In 2018, the ISE’s (Institute of Student Employers) Annual Student Recruitment Survey revealed that businesses have increased their student hires by 16%. As this number grows, we’re faced with a new challenge, how do you engage with Gen Z? But as a member of Gen Z myself, I’ve been constantly surrounded by negative stereotypes that define us as ‘lazy’, ‘disengaged’, ‘impatient’ and only capable of expressing our feelings through emojis. Stereotypes like these have made it difficult to see beyond these labels and appreciate new ways of working. Having been raised in a ‘digital environment’, live messaging and online events are the new ways of engaging with students and graduates. As Gen Z become a core part of our future talent strategies, understanding how they think, what they expect and what they want from employers is vital if we want to better engage and attract them to our workforce.  
 “72% of candidates who had a negative experience shared their experience online or with someone directly” (Careerarc, 2017)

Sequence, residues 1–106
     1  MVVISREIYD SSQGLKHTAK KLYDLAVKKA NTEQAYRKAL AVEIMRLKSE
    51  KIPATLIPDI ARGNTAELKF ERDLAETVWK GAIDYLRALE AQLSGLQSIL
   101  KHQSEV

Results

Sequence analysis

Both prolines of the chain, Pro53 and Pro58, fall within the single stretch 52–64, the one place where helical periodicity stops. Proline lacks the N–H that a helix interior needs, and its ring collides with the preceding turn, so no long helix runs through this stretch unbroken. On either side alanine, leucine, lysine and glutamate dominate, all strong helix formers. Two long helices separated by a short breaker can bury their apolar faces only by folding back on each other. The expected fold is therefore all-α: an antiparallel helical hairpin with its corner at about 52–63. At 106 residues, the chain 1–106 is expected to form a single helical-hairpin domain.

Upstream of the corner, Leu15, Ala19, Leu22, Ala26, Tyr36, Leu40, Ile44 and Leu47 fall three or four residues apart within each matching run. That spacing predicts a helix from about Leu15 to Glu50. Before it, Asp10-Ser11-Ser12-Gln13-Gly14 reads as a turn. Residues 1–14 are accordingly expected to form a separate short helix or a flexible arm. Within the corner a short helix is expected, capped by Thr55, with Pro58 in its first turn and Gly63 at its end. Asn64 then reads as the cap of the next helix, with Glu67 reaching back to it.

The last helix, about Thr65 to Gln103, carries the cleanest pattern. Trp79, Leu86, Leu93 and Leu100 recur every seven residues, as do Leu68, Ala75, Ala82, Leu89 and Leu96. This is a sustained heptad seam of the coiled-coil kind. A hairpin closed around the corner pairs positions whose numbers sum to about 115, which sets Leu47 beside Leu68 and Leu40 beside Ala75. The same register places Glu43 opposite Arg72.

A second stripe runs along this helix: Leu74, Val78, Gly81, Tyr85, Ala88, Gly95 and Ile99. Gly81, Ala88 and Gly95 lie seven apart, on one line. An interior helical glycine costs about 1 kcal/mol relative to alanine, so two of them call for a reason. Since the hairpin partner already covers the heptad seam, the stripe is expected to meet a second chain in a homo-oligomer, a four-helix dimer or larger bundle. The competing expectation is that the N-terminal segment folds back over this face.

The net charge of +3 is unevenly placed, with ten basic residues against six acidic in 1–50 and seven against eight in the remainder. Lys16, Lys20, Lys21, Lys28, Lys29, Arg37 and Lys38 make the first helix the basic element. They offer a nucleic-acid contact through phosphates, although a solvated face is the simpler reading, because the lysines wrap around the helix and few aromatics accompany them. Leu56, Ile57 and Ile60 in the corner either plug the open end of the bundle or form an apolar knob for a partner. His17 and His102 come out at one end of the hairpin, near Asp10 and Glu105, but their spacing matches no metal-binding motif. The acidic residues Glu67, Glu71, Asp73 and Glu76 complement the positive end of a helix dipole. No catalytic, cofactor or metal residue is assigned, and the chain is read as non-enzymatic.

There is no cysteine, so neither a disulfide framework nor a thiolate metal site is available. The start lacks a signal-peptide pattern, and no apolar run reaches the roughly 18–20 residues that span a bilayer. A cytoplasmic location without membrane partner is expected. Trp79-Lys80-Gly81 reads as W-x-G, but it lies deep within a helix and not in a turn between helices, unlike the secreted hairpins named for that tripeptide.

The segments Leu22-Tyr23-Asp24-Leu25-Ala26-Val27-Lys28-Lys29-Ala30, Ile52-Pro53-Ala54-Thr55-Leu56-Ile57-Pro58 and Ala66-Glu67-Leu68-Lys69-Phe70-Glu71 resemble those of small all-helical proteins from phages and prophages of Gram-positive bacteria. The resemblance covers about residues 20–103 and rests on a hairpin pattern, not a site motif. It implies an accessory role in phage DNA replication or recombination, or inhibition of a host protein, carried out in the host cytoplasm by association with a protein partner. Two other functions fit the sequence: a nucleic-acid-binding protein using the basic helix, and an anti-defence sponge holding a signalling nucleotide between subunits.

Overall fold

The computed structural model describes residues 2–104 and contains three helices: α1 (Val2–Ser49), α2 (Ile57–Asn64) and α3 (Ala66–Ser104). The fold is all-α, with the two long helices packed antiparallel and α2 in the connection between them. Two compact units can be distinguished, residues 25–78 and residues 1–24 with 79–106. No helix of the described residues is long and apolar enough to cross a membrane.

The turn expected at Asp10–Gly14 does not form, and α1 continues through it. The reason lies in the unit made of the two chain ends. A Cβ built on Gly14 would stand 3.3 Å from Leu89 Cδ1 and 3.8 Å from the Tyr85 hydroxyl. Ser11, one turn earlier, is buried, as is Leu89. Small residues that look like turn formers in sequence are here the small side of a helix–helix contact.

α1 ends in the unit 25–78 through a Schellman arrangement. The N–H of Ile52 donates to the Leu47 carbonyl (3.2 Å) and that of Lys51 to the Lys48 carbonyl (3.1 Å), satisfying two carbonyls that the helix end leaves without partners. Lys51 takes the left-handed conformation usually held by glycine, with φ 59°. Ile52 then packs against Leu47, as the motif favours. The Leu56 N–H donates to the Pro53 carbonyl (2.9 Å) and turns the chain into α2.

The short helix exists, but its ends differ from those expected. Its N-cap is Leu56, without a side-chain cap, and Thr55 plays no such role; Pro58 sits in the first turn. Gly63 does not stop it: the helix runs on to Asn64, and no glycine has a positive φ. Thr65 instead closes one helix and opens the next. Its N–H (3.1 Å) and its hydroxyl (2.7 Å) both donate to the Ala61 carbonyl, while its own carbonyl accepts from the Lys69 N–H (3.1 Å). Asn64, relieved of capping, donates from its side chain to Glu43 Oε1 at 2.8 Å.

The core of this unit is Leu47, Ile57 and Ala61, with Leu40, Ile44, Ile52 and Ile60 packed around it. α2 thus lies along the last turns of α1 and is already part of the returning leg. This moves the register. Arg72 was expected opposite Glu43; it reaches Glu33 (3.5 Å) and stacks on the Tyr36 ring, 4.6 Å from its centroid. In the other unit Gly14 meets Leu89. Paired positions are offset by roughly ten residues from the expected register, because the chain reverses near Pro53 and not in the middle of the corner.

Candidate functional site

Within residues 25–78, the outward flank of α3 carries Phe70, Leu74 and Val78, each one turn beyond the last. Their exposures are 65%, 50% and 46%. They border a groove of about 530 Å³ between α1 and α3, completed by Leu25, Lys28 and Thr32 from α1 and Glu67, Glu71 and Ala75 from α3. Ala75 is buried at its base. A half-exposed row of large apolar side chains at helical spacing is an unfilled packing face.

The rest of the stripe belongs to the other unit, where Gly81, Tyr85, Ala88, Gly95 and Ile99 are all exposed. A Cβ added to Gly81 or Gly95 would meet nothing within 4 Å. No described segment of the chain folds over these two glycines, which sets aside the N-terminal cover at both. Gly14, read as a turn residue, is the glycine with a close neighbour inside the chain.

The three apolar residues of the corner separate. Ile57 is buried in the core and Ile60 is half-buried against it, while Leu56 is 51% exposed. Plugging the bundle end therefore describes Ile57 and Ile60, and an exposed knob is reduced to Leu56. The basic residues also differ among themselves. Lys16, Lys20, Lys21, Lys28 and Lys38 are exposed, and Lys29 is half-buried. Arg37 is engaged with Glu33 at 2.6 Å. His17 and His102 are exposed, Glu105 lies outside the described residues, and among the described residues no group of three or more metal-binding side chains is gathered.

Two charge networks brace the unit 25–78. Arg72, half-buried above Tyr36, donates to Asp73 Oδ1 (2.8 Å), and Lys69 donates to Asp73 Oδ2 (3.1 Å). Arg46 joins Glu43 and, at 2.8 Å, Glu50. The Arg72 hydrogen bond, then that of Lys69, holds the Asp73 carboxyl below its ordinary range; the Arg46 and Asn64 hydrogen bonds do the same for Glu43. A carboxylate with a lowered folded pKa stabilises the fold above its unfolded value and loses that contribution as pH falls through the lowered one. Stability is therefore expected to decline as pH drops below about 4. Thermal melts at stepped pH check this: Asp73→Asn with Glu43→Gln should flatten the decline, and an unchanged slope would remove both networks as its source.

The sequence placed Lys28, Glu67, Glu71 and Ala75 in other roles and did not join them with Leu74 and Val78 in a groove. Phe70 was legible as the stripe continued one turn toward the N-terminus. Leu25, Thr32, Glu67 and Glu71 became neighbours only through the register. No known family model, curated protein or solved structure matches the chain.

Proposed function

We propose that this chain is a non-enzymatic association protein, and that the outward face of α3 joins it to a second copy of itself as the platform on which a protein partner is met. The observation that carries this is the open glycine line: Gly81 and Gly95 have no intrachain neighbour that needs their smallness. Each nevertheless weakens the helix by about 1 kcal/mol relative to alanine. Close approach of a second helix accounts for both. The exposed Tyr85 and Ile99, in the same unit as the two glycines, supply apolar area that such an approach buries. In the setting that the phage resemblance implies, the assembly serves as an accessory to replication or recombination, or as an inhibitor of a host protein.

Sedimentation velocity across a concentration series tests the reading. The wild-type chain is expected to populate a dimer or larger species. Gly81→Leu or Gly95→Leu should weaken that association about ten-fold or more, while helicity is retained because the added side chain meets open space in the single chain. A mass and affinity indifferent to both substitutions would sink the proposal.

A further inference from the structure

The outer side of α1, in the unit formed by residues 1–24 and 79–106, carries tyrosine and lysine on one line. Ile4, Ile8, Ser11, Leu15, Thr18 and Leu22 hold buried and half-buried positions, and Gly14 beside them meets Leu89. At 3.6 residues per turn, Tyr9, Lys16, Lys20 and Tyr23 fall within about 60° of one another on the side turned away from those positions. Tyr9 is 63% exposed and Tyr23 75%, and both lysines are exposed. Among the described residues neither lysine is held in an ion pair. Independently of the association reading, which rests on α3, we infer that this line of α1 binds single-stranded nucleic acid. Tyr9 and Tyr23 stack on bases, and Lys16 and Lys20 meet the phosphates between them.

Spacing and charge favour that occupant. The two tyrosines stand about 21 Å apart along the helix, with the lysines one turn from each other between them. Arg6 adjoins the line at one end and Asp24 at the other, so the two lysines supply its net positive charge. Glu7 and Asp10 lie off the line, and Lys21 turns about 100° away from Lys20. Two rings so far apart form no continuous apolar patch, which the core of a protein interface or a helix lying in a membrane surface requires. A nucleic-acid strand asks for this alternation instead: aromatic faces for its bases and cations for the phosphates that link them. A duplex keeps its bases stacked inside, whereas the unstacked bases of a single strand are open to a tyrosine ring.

Also known as the Net Generation, Gen Z have high expectations of organisations and they’re not afraid to say what they think. They utilise social media as a platform to share opinions and experiences which then act as a guide to inform their decisions. In our recent research with EY and Bright Network, 60% of graduates said that they were most interested in meeting current interns and apprentices at campus events (Meet & Engage, 2018). And so, it’s clear that Gen Z don’t just seek authenticity and honest opinions, but they seek these from people that they can relate to. That’s why candidate experience is pivotal when engaging with Gen Z. Research by Careerarc found that after receiving a negative candidate experience, 3 out of 4 candidates shared this experience online or with someone directly. Yet candidates who felt positive about the experience they received were 38% more likely to accept a job offer (IBM 2017). What’s more, Gen Z are not salary motivated. Research by Nielsen found that 67% of employees prefer to work for a socially responsible company. They want to work for a company that shares their values, supports social causes and allows them to see the true value of their work. Bright Network’s research also highlighted that 4 in 10 students view an organisations’ current employees and company culture just as significant as salary. Perhaps more so than any other generation, Gen Z have shown real initiative. 76% of them believe that they can earn a living from their hobbies (Forbes, 2017). And so, it’s not surprising that many young people have a ‘side hustle’. They use the technology around them to learn new skills and enhance their strengths while balancing this with their education and work commitments. As a recent graduate who’s just been through the application process with several organisations – experiencing the good and the bad – I think it’s about time to ditch unfair stereotypes about Gen Z and consider us in a new light. After-all, being able to adapt and embrace generational differences is vital if you want to remain at the forefront of candidates’ minds If engaging with future talent is at the top of your agenda, check out our recent webinar hosted by Business Development Director, Nicola Sullivan and The Branding Man, Steve Keith to hear their top tips and the latest insights on Gen Z. To chat more about how the Meet & Engage platform can support your recruitment processes, feel free to contact Nicola at Nicola.Sullivan@meetandengage.com.

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